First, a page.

6. Main Question: I submitted an abstract to a well known journal (in the field of Civil, Aerospace, Mechanical Engineering) a couple months ago and the abstract was accepted. Due to major changes in unrelated circumstances, it will not be ready/adequate. Is this a problem? Background: I am a graduate student at an American engineering university. I submitted a journal paper a couple months ago and it was accepted. However, my circumstances changed over the past months, and completing this paper is no longer a priority nor plausible. My funded research (unrelated to the said journal paper) is requiring too much of my time, and I am likely planning to leaving the program. Also, my wife would prefer me to leave the program and pursue an engineering job with a salary. To further compound problems, my personal computer (which carries the work corresponding to the paper) has broken down permanently (that is, the computer is completely dead). As a result, my priorities have dramatically shifted to job applications and interviews. At this point, completing the paper by the due date (one week) is no longer a priority, nor feasible. However, I would like to one day return to a career in academia and get a PhD. Would neglecting to submit this paper negatively effect my reputation? In your opinion, would this hurt my professional relationship with my advisor (who was working on the paper with me)? Would this hurt my ability to publish in the future with this journal?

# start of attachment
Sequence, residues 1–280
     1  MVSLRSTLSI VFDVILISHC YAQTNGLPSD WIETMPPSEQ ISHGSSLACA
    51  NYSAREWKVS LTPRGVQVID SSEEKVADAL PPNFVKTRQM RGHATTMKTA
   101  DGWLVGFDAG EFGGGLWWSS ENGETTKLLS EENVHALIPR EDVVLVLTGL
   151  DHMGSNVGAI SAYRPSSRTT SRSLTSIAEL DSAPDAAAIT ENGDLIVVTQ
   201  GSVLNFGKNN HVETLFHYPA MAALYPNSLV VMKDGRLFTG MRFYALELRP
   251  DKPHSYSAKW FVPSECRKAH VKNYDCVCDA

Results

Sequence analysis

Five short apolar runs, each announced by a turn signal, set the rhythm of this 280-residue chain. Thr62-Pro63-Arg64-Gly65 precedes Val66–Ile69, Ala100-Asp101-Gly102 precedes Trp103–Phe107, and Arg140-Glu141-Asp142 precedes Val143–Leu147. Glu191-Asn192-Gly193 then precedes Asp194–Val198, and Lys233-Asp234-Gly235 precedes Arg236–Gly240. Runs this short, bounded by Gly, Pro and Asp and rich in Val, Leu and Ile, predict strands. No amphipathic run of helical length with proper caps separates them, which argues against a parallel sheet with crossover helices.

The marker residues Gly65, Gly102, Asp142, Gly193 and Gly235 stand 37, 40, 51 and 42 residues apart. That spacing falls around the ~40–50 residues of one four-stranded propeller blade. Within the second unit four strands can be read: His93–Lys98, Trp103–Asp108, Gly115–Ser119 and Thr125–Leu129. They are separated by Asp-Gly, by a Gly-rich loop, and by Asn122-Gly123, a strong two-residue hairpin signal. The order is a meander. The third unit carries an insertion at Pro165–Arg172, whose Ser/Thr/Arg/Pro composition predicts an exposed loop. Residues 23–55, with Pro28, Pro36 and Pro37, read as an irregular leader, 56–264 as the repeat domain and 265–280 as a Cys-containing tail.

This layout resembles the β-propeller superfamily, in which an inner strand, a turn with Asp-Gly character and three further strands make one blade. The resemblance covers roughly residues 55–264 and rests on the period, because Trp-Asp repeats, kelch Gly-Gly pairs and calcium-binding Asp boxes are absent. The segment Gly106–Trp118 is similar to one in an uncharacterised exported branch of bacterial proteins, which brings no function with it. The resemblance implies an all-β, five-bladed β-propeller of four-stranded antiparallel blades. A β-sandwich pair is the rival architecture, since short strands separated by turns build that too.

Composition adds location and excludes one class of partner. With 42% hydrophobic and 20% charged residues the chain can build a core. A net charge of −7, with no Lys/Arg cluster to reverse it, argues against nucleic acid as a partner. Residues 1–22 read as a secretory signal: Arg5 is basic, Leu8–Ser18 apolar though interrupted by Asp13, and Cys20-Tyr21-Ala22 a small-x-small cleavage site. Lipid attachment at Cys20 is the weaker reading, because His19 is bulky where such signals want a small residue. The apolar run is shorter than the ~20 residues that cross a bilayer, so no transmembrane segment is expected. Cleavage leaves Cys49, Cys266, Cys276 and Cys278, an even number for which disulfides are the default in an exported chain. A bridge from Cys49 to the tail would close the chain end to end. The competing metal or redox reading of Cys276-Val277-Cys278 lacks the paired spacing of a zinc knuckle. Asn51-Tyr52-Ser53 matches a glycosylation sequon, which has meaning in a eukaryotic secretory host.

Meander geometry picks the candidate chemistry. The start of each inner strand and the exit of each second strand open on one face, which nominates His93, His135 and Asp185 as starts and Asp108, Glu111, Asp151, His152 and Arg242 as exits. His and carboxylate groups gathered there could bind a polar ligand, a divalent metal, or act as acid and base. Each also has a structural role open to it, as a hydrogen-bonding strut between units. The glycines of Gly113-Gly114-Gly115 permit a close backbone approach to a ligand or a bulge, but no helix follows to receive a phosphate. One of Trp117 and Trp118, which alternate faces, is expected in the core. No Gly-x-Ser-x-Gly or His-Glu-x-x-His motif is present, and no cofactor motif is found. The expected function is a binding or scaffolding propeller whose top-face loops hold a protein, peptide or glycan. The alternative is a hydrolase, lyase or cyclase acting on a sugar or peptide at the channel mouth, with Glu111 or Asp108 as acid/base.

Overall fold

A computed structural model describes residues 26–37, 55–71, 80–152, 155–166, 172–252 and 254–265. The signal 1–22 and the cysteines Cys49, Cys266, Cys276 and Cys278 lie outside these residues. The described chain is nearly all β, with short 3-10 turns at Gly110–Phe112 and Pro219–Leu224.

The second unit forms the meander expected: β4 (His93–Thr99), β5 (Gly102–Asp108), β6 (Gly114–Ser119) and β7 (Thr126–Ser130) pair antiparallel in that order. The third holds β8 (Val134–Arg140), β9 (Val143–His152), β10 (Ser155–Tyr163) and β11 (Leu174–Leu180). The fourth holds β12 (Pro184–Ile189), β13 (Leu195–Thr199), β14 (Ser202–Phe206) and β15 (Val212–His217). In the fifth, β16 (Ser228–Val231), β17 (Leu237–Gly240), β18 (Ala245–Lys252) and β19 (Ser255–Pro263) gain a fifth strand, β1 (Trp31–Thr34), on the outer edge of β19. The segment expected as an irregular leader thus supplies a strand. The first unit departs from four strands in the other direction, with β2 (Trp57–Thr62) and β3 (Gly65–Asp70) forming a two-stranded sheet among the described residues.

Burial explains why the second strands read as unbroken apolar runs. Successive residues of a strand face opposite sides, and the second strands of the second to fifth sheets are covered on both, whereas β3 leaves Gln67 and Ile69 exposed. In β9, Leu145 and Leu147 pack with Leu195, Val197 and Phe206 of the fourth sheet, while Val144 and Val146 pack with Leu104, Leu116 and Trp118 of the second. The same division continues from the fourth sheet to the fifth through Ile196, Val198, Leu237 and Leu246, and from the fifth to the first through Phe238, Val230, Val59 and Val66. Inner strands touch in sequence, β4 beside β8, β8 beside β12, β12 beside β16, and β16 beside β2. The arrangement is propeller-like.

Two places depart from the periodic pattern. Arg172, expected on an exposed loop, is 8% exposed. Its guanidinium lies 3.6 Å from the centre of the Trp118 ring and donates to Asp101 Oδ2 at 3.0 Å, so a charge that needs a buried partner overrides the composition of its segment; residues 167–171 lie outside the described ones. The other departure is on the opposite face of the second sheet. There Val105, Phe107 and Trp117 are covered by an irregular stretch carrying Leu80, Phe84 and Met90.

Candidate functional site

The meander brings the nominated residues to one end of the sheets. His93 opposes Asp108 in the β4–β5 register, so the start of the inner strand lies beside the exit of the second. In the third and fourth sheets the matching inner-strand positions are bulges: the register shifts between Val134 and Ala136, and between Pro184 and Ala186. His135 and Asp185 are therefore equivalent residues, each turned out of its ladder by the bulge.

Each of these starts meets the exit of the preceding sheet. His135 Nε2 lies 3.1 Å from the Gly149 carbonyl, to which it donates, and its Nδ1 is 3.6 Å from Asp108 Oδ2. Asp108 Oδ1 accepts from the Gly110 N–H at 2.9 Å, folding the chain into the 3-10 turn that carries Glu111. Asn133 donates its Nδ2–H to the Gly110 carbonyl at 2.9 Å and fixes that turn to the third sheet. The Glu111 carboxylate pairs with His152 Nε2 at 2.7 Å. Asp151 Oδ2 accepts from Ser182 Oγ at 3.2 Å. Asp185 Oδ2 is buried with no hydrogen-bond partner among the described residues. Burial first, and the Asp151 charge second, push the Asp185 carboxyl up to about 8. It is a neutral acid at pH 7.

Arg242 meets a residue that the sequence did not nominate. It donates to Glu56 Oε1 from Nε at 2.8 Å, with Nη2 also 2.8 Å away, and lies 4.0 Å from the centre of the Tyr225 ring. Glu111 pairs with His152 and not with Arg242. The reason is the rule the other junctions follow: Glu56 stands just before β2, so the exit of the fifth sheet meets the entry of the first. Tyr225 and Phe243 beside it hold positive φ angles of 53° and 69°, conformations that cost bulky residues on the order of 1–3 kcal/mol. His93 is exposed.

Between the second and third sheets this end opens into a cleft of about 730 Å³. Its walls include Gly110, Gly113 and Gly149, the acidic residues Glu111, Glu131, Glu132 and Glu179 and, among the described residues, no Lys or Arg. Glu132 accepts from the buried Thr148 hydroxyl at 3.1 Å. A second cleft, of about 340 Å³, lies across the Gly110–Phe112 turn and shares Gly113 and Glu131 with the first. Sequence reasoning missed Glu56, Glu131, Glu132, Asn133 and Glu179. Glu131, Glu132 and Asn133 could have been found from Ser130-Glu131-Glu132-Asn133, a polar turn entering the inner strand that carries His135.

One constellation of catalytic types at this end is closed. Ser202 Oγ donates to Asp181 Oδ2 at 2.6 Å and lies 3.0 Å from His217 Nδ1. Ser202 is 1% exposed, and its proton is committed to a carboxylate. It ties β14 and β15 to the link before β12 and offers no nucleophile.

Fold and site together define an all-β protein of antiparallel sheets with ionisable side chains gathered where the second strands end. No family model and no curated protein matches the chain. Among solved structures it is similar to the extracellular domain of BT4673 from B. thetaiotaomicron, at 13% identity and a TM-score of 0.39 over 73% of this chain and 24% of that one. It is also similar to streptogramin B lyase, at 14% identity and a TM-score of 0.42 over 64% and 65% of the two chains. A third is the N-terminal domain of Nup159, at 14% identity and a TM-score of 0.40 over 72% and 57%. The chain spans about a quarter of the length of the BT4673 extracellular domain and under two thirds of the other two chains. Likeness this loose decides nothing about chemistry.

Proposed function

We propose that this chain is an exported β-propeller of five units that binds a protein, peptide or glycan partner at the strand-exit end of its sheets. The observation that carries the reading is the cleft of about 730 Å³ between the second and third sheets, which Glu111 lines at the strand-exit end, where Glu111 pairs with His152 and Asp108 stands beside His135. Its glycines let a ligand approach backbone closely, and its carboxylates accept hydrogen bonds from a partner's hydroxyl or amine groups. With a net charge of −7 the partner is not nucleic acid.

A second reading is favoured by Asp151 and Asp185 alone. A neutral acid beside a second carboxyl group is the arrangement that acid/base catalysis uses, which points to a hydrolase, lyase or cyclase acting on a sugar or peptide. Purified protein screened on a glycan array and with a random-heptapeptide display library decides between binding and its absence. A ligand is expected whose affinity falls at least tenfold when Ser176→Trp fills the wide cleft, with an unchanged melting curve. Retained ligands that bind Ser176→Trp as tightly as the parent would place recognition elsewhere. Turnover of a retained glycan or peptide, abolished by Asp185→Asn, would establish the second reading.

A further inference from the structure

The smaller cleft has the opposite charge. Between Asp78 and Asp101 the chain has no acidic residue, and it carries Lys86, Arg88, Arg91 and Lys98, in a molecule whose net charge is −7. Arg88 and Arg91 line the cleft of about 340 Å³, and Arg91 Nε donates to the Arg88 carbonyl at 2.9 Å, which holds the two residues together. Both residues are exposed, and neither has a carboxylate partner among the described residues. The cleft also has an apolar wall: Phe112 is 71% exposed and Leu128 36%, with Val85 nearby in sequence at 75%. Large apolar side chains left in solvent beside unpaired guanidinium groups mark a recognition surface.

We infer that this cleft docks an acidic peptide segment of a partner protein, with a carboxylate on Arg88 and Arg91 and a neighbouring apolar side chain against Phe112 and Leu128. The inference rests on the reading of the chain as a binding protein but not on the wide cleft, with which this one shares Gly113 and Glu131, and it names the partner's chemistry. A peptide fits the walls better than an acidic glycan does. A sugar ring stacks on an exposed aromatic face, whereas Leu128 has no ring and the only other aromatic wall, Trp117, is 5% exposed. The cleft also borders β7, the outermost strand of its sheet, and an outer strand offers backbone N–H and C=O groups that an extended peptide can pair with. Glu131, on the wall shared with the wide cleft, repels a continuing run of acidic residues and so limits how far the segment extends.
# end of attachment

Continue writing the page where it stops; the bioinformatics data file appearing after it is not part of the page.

7. Is there a logic to this other than "find people who are knowledgeable in the area of and sympathetic to your specific dissertation topic" ? My university's handbook tells us to choose 5 committee members, specifying that a maximum of two can be chosen from outside the university. Why would that be a good plan? Is there some reason why you would WANT someone from outside the university given the added bureaucratic red tape and trouble for everyone involved? Reasons I can think of: Your university lacks people with the right expertise. Your beloved former adviser has moved to a different university (or was convicted on all counts, or sent into space with a monkey and a dog, or gave up academia for a NASCAR career). Why else? Is there prestige associated with getting mucky-mucks to be on your committee? I know that your adviser's reputation matters a lot-- but how important is the committee that you choose? Is choosing someone from another university a way of positioning oneself so as to increase the chances of getting a job at one of their institutions? [*]Is this a matter of literally linking your name with theirs in some sort of social networking way (electronic and otherwise)? From a different perspective (that probably matters most): ******Unless you have a pre-existing relationship, why the heck would a professor at another institution agree to be on your committee simply because he/she has expertise that's useful to you? What's their incentive?? What do they get out of it other than extra work? ****** So... what's the story here? I'm wondering if there isn't some super-clever thing that some people have figured out to do in selecting their committee. That's my question... but any other advice on selecting a committee (esp. in the social sciences) would be very welcome!